Beyond the Medical Model: Social Determinants of Health


Social Determinants of Health

Dr. Bob Weissinger DO, ARMO


What if I told you that most of health has nothing to do with doctors, hospitals, clinics or prescriptions.

Would it surprise you that 80 percent of our health status comes from outside the healthcare system? Things like nutritious food, housing, transportation, safe neighborhoods, supportive family and friends.

Think about it: How is good health possible if we lack any of these? Without wholesome food, someone will be far likelier to suffer from obesity and chronic conditions like diabetes. They also are likely to be inactive, opening the door to other chronic conditions like high blood pressure and heart disease.

If you lack transportation, you will have no way to get to the grocery store.  You may miss medical appointments, so important health issues will go unaddressed. You will likely be homebound or very limited in your social interactions. The isolation will take a toll on your mental and physical health. It is estimated that the effect of loneliness is equivalent to smoking two packs of cigarettes a day.

Or consider how physical health is affected by one’s mental and emotional state. A patient who suffers depression or anxiety may neglect their physical needs. A depressed person often has a poor diet, overeating or binging on junk food. Often they don’t get enough sleep, which causes further deterioration in health.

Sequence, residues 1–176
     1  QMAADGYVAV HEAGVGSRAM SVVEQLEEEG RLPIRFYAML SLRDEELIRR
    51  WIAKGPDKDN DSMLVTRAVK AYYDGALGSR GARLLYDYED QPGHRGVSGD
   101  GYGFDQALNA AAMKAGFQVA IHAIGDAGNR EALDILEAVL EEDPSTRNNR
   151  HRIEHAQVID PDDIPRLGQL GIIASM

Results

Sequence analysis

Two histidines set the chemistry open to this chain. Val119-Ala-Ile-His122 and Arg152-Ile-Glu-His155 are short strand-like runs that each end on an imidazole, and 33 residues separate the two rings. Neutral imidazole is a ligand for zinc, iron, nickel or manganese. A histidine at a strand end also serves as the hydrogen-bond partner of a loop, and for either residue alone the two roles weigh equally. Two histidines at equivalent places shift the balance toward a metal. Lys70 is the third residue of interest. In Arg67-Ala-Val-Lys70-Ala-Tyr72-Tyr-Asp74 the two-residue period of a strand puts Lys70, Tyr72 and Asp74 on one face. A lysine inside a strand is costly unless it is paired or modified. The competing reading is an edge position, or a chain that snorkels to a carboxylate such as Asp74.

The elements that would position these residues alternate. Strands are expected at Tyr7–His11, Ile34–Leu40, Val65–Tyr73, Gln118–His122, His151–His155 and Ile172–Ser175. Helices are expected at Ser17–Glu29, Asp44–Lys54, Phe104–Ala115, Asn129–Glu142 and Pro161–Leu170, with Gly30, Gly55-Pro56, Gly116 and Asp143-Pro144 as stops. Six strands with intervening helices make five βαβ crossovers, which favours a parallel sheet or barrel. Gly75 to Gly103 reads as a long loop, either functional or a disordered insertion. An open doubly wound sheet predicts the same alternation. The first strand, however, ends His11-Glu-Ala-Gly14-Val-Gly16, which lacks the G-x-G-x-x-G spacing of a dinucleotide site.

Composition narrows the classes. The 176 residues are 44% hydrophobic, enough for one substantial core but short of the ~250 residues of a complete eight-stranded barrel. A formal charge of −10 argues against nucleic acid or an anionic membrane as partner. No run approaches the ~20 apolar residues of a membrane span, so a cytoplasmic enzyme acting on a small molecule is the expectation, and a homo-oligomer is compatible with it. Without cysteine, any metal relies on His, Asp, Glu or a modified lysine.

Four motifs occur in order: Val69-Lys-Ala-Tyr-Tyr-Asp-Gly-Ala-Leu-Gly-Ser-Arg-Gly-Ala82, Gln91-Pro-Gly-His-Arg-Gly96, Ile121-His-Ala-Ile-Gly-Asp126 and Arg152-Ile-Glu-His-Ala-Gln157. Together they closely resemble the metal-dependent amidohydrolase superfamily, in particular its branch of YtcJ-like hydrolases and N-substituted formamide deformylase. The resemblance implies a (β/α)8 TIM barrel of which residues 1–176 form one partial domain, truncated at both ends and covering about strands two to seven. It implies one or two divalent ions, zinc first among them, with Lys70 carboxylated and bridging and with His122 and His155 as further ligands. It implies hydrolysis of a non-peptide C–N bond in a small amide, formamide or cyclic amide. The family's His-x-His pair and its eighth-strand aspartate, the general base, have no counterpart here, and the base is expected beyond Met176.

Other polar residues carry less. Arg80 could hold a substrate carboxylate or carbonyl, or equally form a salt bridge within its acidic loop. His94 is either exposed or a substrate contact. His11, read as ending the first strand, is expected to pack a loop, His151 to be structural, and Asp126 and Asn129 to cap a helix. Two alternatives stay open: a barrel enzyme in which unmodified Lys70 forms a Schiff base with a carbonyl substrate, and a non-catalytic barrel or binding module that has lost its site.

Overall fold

"Whole person" Health Care

CareMore was founded on a “whole person” model of health care. That means our doctors and nurses look beyond physical symptoms. We try to find the underlying causes of disease, which often are outside our bodily systems and beyond the scope of physical medicine. Often those causes are poor nutrition, unsanitary housing, and the other factors described above.

Example: The patient came in with multiple symptoms: Type 2 diabetes, high blood pressure, overweight. He was 76 years old. When I asked about his last meal, he confided that he doesn’t cook and since his wife died, he lived on junk food from the Dollar General store.

This patient has immediate physical symptoms we need to treat, like his diabetes and blood pressure. We accomplish this with the standard medical exam and prescription drugs. But we also suggest changes in lifestyle – eating better, getting exercise, making social connections to relieve depression and isolation. For improving health and extending life, these are as important as the medical interventions.

Part of the challenge is that doctors are trained almost entirely on the medical model. We look for physical symptoms and are trained to treat the physical causes of disease. Traditional medicine is oriented toward the “medical model” and we overlook the factors (80 percent!)  that affect overall health.

Another challenge is financial: Doctors (and everyone in the healthcare system) typically are paid for services performed. There is a complex list of “billing codes” that cover every medical condition and procedure. Since these codes are all medical in nature, there is little incentive for doctors to consider the patient’s non-medical needs.

CareMore's Approach

CareMore’s whole-person approach recognizes that health depends on many factors beyond medical. In some markets, like Iowa, we are paid a fixed amount to keep our patients healthy rather than performing procedures. So we have a strong incentive to know our patients and learn about all the issues affecting their health. I’ve made many house calls where I learn about the patient’s environment and can help make it more safe and healthy.

This approach to keeping patients healthy is called “value-based care."